John Buchan’s The 39 Steps

by Patrick Barlow

Performed September 2013
(September 17 - 28, 2013)
at the Ron Maslin Playhouse
(10 performances: part of the regular season)

Directed by Sandy Wynne

Technical Direction by Karl Wagner


CLOWN Gordon Walls
CLOWN Andrew Williams
CLOWN Paul Behncke


Production Manager
Paul Behncke
Stage Manager
Katie Buller
Assistant Stage Managers
Meghan Duncan
Betty Francis
Martha Johnstone
Set Design
Dean Flockton
Construction/Painting Coordinator
Dean Flockton
assisted by
Amy Adams
Paul Behncke
Sean Behncke
Don Bell
Jim Clarke
Sharon Clewlow
Tony Francis
Ron Gardner
Brooke Keneford
Rosie Keneford
Barbara Kobolak,
Tom Kobolak
Jim McIlquham
Dorothy Shaw
Marie Veinot
Karl Wagner
Kaitlyn Williams
Sandy Wynne
Lighting Design Iain McCracken
assisted by
Alan Bauld
Ron Francis
Sound Design Rob Fairbairn
Tracey Nash
“Mr. Memory” Music Composed by
Megan Mitchell
arranged by
Rob Mitchell
BBC Announcer Voice-over
Lionel King
Hitchcock Voice-over
Andrew Williams
Tracey Nash
Costume Designer
Maxine Ball
assisted by
Ilona Henkelman
Marilyn Valiquette
Patrick Kay
Halia Osadca
Gwendy Tolley
Properties Joan Frommer
assisted by
Dave Anderson
Kathryn Clark
Andre Frommer
Carol Hussey
Weapons Wench Tracey Nash
Ilona Henkelman
Julia Lamperd
Ann Williams
Lynda Deguire
Shelley Harrison
Chrissy Hollands
Julia Lamperd
Carol Walkey
Green Room
Sheryl Bell
Lixin Chungphaisan
Nancy Cormier
Stephanie Hammond
Susan Nugent
Ann Williams
Paul Behncke
Wendy Wagner
Box Office
Gordon Marwood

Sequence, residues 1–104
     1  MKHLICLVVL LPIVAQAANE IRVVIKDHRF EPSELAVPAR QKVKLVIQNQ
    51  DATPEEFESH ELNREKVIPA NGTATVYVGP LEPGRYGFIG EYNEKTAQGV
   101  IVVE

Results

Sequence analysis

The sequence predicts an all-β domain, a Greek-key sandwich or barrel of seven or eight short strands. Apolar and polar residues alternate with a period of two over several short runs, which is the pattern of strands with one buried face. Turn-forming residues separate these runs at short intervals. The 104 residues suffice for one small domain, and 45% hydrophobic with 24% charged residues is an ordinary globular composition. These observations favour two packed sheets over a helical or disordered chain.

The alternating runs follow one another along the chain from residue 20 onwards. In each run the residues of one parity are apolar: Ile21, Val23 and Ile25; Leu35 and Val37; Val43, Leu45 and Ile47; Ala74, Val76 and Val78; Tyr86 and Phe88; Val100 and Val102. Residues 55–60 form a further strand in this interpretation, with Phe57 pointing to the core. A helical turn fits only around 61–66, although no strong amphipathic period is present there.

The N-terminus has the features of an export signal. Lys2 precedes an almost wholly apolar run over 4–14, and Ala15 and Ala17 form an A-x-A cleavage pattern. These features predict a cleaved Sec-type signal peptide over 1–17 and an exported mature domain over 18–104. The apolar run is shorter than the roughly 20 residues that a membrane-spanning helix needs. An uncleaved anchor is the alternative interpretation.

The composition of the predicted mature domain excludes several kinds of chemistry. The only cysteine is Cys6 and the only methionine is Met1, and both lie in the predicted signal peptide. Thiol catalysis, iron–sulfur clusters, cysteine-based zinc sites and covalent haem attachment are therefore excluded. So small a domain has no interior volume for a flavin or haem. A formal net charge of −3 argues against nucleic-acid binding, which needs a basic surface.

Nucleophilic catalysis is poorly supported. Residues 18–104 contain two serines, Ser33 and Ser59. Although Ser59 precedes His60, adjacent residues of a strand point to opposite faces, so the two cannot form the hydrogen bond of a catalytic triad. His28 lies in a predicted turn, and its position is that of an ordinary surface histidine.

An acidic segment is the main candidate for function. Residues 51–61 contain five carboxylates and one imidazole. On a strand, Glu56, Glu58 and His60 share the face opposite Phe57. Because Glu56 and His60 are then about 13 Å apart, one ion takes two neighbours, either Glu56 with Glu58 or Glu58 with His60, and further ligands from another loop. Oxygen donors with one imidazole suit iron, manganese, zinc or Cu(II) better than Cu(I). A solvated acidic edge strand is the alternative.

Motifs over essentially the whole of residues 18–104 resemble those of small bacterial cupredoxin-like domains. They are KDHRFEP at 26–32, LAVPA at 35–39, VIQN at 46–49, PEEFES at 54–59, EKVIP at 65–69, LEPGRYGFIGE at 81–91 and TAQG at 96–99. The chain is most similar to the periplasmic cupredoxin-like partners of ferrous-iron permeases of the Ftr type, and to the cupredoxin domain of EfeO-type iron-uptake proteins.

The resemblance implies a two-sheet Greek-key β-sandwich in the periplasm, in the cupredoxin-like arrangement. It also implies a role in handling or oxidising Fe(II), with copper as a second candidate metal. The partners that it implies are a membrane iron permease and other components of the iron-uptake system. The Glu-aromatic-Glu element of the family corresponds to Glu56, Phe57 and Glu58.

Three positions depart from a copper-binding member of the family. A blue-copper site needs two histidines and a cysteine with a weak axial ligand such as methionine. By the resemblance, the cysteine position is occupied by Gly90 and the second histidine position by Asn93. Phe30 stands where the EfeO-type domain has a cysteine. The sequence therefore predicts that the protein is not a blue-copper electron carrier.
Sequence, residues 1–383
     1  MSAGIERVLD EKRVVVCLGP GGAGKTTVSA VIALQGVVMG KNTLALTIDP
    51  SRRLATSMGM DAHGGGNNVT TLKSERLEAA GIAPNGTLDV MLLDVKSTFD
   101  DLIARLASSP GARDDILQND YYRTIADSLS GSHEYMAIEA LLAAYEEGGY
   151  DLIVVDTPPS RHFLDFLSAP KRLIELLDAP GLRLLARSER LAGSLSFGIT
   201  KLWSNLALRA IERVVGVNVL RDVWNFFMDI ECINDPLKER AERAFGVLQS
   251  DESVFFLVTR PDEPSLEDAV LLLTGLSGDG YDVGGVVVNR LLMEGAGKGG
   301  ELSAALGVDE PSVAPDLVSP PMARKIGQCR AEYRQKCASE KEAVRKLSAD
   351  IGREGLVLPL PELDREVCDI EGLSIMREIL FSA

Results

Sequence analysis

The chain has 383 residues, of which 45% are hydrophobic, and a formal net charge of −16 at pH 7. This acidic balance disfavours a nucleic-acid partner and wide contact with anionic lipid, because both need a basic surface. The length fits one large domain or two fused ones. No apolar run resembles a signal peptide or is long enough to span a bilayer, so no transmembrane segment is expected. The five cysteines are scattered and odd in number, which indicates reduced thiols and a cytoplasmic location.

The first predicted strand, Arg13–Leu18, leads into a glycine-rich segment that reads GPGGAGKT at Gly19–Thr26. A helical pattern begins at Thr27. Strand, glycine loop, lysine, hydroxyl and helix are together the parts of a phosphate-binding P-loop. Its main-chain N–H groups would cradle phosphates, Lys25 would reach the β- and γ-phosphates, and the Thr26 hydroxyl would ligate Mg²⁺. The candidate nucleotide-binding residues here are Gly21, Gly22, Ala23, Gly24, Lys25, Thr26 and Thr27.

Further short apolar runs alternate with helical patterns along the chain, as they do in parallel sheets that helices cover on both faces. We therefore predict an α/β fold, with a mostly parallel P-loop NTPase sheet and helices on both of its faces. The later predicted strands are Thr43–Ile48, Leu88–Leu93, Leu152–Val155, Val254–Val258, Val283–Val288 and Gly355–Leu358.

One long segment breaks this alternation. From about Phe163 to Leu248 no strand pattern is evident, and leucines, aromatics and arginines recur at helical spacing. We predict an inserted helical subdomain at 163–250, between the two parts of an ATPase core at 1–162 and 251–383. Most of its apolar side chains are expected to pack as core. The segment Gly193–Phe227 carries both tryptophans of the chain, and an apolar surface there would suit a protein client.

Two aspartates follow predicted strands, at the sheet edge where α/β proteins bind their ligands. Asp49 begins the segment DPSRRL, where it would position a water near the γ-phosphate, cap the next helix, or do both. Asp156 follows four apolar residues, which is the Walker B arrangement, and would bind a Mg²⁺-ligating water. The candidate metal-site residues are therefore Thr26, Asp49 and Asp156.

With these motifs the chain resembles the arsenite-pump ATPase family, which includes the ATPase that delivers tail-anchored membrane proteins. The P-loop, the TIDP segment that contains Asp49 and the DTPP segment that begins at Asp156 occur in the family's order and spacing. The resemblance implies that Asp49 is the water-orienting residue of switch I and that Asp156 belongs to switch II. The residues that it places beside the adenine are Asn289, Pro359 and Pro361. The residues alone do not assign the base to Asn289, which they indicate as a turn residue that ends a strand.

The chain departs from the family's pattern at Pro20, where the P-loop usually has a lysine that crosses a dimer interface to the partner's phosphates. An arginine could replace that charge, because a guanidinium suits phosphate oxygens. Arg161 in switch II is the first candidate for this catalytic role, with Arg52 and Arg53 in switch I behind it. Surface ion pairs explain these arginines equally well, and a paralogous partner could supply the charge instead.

Barbara Kobolak
House Manager Don Lillico


As a kid growing up I loved the black and white movies of the 30’s and 40’s and I could often be found in a garage, a basement, a park....putting on a show with friends and whatever costumes and props we could find, create or mime. My involvement in The 39 Steps has been a joyous one, partly as I’ve had a chance to reflect on these aspects of my past.

Theatre magic lies at the heart of Patrick Barlow’s adaptation of The 39 Steps story. Four actors, with a “let’s put on a show” bravado, lovingly pay tribute to Alfred Hitchcock’s early talking film version of John Buchan’s spy thriller novel. Cobbling together whatever set pieces, props, costumes and wigs are at their disposal, the players do their earnest best to capture the entire 1935 film epic on the stage.

Of course, the undertaking of such a daunting task produces the fast-paced mayhem of quick character changes and the comedy of the inexact execution of best-laid plans. The moments of “planned imperfection” are part of the production’s charm and the audience will root for the actors as they confront these challenges.

Rehearsing and planning the production aspects of The 39 Steps is proving to be a huge treat for me. An enormous amount of intensely creative collaboration is afoot.

Actors are digging deep as they explore their many unique characters and the play’s theatrical and comic moments, while trying to balance the twin concepts of homage and send-up. Mike, Allison, Gord and Andrew have been fearless risk-takers; their blood and sweat, required by the many physical demands, have been mixed with much laughter.

Given the apparent simplicity of the staging, the efforts of the production team, put together by husband/producer Paul, and under the capable direction of Karl, are paradoxically sophisticated. The scenic, sound, music, lighting, costume, props, and special effects designers provide much of the 1930’s era texture. They assist the actors to take on the conventions of several film genres of the period: the spy thriller, film noir, melodrama and even early romantic comedy. Keep an eye open for the occasional nod to Hitchcock’s films in particular.

As we in the theatre know, without Katie, her stage management team and the crew scurrying, unseen, backstage, much of the onstage magic would not be possible.

The engaging performances by the actors and the evocative technical presentation of location, period, and high action should provide a lively evening of entertainment for you, our audience. Please sit back and enjoy all 39 Steps!